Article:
While "Paint It, Black" is attributed to Jagger/Richards, as many of The Rolling Stones' hits were, it was actually a collaborative effort of the band. According to The Billboard Book of Number One Hits, the song took shape when Bill Wyman was playing the organ in parody of the band's first manager, Eric Easton, who had been a cinema organist. It was Brian Jones who added the song's legendary sitar riff. The song's rather dark lyrics were written by Mick Jagger.
"Paint It, Black" was released as a single on 7 May, 1966 in the United States and on 13 May, 1966 (a Friday, fittingly enough) in the United Kingdom. The song hit #1 on the United States' Billboard Hot 100 chart, #1 on the UK Singles chart, and #1 on the Canadian RPM chart. It was the first hit rock song in the United States to ever feature a sitar. It was also the debut single from The Rolling Stones' album Aftermath in the United States. The album was released 15 April, 1966 in the United Kingdom and 20 June, 1966 in the United States. Interestingly enough, the title was meant to be "Paint It Black," without a comma. Keith Richards had said that the comma was added by Decca, their recording label.
According to Bill Wyman's autobiography, when asked what "Paint It, Black" meant, Mick Jagger said, "It means paint it, black." That having been said, an analysis of the song's lyrics seems to indicate that the song is sung from the point of view of a man whose lover has just died. The opening words of the song, "I see a red door and I want it painted it black" would seem to be a reference to the door of an Anglican church, whose doors are traditionally painted red. Churches are, of course, often the site of funerals. Another clue could be the line, "I see a line of cars and they're all painted black," which could refer to a funeral procession (hearses traditionally being black). Indeed, it is following the line "I see a line of cars and they're all painted black" that he most obvious possible reference to death comes, "with flowers and my love both never to come back." Quite simply, both his love and the flowers are being taken away by the hearse.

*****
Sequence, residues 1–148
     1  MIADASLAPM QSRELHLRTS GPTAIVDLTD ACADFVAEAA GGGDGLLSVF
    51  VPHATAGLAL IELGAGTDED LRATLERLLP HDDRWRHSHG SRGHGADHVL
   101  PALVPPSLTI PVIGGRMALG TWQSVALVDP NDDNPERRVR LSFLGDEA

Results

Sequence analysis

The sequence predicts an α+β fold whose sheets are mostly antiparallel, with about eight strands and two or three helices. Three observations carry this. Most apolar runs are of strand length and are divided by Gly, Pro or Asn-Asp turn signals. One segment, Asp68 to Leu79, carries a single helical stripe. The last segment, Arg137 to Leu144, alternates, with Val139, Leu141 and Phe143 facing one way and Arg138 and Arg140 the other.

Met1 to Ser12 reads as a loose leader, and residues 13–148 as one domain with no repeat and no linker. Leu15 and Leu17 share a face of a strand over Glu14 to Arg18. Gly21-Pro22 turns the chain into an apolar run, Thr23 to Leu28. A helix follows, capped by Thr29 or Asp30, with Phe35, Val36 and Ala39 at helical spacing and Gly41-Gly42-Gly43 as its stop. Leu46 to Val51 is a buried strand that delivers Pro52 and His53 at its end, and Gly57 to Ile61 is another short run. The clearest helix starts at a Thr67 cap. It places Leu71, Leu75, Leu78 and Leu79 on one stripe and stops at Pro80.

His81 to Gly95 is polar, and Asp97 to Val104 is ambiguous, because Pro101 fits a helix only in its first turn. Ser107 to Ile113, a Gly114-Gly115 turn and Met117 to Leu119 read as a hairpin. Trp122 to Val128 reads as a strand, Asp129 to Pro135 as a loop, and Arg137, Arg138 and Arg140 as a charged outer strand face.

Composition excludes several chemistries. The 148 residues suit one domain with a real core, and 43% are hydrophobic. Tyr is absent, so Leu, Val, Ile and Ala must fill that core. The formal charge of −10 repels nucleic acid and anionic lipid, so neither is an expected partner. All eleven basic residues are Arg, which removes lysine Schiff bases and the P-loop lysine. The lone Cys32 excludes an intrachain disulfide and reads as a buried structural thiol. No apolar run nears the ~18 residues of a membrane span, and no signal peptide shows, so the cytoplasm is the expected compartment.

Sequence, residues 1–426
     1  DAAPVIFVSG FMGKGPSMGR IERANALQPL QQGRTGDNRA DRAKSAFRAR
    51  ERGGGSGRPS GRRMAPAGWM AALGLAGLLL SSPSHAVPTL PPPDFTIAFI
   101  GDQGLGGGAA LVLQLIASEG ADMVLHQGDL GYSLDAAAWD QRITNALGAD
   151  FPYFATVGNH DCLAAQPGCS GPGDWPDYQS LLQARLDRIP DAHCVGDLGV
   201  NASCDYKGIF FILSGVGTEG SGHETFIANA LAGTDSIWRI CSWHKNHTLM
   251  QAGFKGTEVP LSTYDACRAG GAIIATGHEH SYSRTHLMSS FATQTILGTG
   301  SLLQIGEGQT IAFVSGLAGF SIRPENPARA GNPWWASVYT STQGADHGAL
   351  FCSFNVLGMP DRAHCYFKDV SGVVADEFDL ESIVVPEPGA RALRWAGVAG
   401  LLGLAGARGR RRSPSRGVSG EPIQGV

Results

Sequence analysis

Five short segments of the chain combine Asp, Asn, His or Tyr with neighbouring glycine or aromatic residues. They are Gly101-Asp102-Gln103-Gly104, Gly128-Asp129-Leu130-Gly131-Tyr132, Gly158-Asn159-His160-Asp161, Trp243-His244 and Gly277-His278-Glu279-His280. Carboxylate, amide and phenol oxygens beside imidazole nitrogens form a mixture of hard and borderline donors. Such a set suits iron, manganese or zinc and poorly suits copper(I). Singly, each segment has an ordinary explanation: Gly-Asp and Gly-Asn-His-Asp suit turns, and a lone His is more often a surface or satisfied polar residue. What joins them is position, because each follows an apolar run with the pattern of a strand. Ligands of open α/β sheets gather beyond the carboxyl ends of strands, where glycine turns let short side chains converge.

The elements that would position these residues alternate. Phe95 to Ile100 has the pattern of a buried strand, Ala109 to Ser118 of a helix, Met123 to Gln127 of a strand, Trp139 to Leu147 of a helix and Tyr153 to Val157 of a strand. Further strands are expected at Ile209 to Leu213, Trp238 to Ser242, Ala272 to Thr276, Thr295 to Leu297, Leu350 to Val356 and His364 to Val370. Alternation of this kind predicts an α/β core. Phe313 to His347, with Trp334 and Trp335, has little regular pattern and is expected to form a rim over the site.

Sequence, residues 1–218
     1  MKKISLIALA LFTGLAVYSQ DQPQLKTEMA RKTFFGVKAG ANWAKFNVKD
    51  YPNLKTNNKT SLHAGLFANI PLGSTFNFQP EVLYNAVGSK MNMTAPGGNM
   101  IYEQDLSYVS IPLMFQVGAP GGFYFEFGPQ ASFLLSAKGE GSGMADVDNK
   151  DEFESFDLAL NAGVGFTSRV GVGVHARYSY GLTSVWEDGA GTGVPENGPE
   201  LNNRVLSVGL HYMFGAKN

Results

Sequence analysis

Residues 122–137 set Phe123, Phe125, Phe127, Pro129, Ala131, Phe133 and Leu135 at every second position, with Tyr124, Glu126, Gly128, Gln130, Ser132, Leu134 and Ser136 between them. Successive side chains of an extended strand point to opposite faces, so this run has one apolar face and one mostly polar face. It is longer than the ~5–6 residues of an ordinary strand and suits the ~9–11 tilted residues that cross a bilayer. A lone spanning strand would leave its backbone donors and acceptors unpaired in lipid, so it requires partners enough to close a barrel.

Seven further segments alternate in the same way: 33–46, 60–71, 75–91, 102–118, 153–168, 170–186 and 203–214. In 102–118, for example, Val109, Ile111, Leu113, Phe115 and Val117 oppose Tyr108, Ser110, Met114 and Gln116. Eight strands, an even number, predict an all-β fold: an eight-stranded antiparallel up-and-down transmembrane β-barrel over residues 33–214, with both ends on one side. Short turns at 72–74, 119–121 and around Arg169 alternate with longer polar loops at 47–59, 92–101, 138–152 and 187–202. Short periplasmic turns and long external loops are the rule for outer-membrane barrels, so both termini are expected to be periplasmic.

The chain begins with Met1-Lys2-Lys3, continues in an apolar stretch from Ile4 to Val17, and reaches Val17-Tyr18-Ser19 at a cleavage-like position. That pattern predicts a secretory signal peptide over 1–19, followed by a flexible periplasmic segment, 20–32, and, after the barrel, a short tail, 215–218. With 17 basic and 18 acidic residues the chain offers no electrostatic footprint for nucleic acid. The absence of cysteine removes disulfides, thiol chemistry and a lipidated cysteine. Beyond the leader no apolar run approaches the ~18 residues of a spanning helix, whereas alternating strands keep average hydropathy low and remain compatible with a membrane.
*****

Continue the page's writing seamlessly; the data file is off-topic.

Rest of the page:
Yet another clue could be the line "Like a newborn baby it just happens everyday." People are born everyday. They die everyday too. Another clue could be the line "I could not foresee this thing happening to you," i.e. he could not foresee her death. Finally, another fairly obvious clue that the song is about the loss of a loved one are the lines, "If I look hard enough into the settin' sun/My love will laugh with me before the mornin' comes." This indicates that the only time he can now be with his love is in the night, when he is either dreaming or remembering her.
Over the years "Paint It, Black" has been covered a number of times. Indeed, the first cover versions emerged the very year it was released. In 1966 alone it was covered by both Chris Farlowe and The Standells. In 1967 it was covered by Eric Burdon and The Animals on their album Winds of Change. Burdon would cover the song again with War in 1970. Both times he somewhat altered the arrangement and the lyrics. The song would later be covered by Deep Purple (1988), Echo and The Bunnymen (1988), Marc Almond (1998), W.AS.P., and many, many others.
Below are some clips of a few of the versions of the song. First up is the original by The Rolling Stones, performed live in 1966.
Next up is The Standells' version, from 1966.
Here is The Animals' version from 1967. As much as I like The Animals, I have to confess I don't care much for their version of the song.
Finally, here is the version by heavy metal band W.A.S.P.